Latest update: 21 March 2022
Oysters: you hate them or you love them. I love them. Especially when they are free! Did you know you can pick oysters for free in the Netherlands? Just go to Zeeland. My friends and I have declared our Zeeland oyster expedition an annual tradition. Tag along!
Collecting oysters in Zeeland
How much do you pay for oysters in a restaurant? Twenty euros for half a dozen? You don’t have to. In Zeeland, a province in the Netherlands, oysters are literally there for the taking. Free oyster picking! So let’s go on an oyster expedition!
I must say, it took me some time the locate a picking spot for free oysters in Zeeland. I like to go near Goes, Het Sas. It’s a bit further down the harbor, where we park near the DIXI. The St. Annastrand too, is a great oyster picking location with free parking and a DIXI. Always handy to have that nearby, right? You’ll find the exact locations further down in this article.
Japanese oysters in Zeeland
In Zeeland, you will find the Japanese oyster. This oyster is usually called creuse on the menu. In the 1960s, the Dutch flat oyster suffered from an oyster disease. Growers hoped the Japanese version would be stronger – and they were. In fact, they were so strong that a real plague started in the 1970s, almost completely expelling the Dutch oyster. The Japanese oyster is easy-going: it doesn’t need a lot of space and is pretty much ok with any type of soil. They start reproducing at the age of one already and grow extremely fast. An adult oyster can reach a size of 40 centimeters. Wow! Wow! I very much doubt that it’s still tasty then.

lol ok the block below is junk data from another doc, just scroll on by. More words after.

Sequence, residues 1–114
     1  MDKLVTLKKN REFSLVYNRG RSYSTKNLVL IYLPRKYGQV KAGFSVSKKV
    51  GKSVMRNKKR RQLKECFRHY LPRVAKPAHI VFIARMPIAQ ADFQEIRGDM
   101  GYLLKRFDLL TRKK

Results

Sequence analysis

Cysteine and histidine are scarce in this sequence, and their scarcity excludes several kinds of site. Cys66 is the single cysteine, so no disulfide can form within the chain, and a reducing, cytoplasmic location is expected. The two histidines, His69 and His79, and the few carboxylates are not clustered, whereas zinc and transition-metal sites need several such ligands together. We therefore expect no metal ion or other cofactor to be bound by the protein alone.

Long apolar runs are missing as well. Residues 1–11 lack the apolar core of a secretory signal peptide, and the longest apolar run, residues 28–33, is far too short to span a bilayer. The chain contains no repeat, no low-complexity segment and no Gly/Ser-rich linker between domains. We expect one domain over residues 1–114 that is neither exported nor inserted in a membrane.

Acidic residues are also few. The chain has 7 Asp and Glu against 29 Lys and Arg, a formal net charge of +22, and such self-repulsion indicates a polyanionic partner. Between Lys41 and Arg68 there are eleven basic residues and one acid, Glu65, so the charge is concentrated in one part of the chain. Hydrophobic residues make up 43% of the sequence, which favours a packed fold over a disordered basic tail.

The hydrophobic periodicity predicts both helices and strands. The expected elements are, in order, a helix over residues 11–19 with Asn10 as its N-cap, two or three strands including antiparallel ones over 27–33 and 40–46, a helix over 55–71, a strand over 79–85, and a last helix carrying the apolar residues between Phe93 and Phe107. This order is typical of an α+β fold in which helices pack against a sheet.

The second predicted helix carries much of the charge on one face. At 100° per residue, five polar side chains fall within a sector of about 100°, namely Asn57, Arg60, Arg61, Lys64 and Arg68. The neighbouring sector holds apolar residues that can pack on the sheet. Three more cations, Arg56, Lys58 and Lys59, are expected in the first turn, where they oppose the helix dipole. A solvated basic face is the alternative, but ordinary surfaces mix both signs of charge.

Have you heard that unsavory story about oysters and herpes? Excuse me? Yes, Japanese oysters can contract the herpes virus. But no stress: people won’t get catch it from an oyster. Pfiewwwww….
Almost alone in the world when collecting oysters
There is no one to be seen in Zeeland at the Goese Sas beach – regardless of the weather. We easily spend a few hours, and all we see is a few runners, divers, and one other oyster picker. Also, on a sunny day at the St. Annastrand, we’re the only ones searching for oysters. We share the beach with some tourists soaking up the sun. So you don’t have to be scared about fighting over oysters. There is plenty of oysters to pick for everyone.